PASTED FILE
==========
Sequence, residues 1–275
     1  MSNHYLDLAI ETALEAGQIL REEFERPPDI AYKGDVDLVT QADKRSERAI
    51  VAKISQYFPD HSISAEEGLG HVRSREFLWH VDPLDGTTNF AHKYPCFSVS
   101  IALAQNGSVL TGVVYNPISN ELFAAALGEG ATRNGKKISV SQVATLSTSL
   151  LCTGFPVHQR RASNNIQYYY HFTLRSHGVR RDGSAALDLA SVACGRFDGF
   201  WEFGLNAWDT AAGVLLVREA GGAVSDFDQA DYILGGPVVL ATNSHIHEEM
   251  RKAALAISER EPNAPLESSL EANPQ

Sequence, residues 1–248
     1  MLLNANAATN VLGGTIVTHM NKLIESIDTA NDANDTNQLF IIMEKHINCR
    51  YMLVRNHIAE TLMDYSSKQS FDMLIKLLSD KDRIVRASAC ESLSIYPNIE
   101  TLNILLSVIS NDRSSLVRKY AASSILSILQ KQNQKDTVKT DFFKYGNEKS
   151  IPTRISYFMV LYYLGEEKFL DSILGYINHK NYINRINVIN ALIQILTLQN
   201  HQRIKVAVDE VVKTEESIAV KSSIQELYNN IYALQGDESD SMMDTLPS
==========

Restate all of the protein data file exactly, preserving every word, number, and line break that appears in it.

Sequence, residues 1–275
     1  MSNHYLDLAI ETALEAGQIL REEFERPPDI AYKGDVDLVT QADKRSERAI
    51  VAKISQYFPD HSISAEEGLG HVRSREFLWH VDPLDGTTNF AHKYPCFSVS
   101  IALAQNGSVL TGVVYNPISN ELFAAALGEG ATRNGKKISV SQVATLSTSL
   151  LCTGFPVHQR RASNNIQYYY HFTLRSHGVR RDGSAALDLA SVACGRFDGF
   201  WEFGLNAWDT AAGVLLVREA GGAVSDFDQA DYILGGPVVL ATNSHIHEEM
   251  RKAALAISER EPNAPLESSL EANPQ

Sequence, residues 1–248
     1  MLLNANAATN VLGGTIVTHM NKLIESIDTA NDANDTNQLF IIMEKHINCR
    51  YMLVRNHIAE TLMDYSSKQS FDMLIKLLSD KDRIVRASAC ESLSIYPNIE
   101  TLNILLSVIS NDRSSLVRKY AASSILSILQ KQNQKDTVKT DFFKYGNEKS
   151  IPTRISYFMV LYYLGEEKFL DSILGYINHK NYINRINVIN ALIQILTLQN
   201  HQRIKVAVDE VVKTEESIAV KSSIQELYNN IYALQGDESD SMMDTLPS